Wravyn
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As long as the children are not allergic to chocolate, why not have them kiss with a chocolate kiss? Hand one to each child, they exchange kisses. Both get a treat for helping and also, neither is embarrassed.
GetMental64
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I agree.
r1ch1e
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I was very fortunate to meet David (Silly Billy) on his recent tour of New Zealand and Australia. If he is lecturing in your town, I highly recommend attending regardless of whether you are a children's magician or not. His advice is valuable across the spectrum! Ken's comments above regarding not throwing away the creators instructions are gold - if you have paid good money for an effect (very good money for PIAP), then why throw away the real value of the effect, which is the lessons learned by the creator during their creative process. A clever person learns from their mistakes, a WISE person learns from others!
TrickyRicky
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I've no experience with Princess in a pickle.
This presentation needs the right kind of audience to get the kind of reaction that Silly Billy got on his video. Please remember that Silly Billy is a great children's performer who knows his audience and knows when not to and when to. He will be the first to admit that he doesn't get the same reaction every time, it depends on the kind of audience you're working with.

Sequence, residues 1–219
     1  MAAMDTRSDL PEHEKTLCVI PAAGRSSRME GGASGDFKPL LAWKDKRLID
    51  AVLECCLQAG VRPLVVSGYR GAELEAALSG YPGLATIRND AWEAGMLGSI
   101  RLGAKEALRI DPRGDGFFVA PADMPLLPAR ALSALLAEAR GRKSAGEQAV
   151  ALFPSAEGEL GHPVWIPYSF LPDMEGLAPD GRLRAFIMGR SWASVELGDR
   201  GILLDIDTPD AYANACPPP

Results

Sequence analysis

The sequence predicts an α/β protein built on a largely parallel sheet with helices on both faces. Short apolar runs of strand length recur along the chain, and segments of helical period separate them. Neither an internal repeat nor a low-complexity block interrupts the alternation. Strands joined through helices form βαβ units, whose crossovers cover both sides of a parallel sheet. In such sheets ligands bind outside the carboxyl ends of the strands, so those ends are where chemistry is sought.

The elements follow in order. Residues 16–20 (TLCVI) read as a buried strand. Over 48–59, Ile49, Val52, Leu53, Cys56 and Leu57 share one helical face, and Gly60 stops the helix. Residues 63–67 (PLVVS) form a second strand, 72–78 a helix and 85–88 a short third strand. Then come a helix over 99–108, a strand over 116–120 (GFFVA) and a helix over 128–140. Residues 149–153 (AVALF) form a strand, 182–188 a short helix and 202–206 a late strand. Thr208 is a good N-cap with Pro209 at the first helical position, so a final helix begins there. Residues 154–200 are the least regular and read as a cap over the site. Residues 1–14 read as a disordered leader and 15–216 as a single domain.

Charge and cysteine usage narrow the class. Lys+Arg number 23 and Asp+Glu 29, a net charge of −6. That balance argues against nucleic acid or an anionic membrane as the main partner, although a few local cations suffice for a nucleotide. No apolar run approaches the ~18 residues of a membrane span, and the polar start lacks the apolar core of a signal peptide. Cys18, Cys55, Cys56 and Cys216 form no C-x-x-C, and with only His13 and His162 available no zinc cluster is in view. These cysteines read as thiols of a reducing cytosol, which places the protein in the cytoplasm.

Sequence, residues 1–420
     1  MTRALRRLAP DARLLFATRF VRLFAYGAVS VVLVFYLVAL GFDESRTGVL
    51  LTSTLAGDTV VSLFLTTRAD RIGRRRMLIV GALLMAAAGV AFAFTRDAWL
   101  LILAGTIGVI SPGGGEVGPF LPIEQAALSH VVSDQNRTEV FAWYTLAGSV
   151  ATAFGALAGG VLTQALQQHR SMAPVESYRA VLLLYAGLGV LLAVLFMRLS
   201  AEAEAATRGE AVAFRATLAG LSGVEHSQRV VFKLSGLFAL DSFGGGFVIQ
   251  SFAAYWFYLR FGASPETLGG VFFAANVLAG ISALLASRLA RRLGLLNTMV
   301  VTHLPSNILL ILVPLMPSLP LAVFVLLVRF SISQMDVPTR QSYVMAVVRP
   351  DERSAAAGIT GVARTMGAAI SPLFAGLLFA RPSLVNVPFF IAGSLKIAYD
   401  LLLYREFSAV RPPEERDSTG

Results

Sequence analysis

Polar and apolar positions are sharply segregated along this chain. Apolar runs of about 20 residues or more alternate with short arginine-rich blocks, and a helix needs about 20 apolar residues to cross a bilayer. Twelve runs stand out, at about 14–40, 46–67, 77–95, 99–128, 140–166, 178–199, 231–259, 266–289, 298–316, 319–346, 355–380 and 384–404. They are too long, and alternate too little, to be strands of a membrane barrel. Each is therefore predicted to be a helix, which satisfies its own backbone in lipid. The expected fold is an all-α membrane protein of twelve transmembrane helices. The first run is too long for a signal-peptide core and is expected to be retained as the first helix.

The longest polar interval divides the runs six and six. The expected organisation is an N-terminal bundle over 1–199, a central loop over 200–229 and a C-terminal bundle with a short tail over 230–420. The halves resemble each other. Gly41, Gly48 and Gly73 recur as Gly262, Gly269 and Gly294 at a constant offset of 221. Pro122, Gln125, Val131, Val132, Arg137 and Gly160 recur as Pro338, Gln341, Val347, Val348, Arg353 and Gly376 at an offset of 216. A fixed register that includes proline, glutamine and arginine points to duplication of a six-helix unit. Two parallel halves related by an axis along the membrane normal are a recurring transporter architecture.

Ken here is my take on picking volunteers for this routine, I'd pick a girl a 2 or three years older than the boy she's going to kiss. She will more likely to kiss the little fellow without been embarrassed about it and he won't mind for he sees her as a big sister.
Just my input.
Tricky Ricky
TheAmbitiousCard
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I watched and listened and no matter how many times, I cannot tell what the kid said that got the big laugh?
did anyone figure it out?
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Wravyn
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Quote:
On Sep 14, 2018, TheAmbitiousCard wrote:
I watched and listened and no matter how many times, I cannot tell what the kid said that got the big laugh?
did anyone figure it out?


I think he said oops
TheAmbitiousCard
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I think you're right! Thx
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MrKen
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For what it's worth, here are my few cents: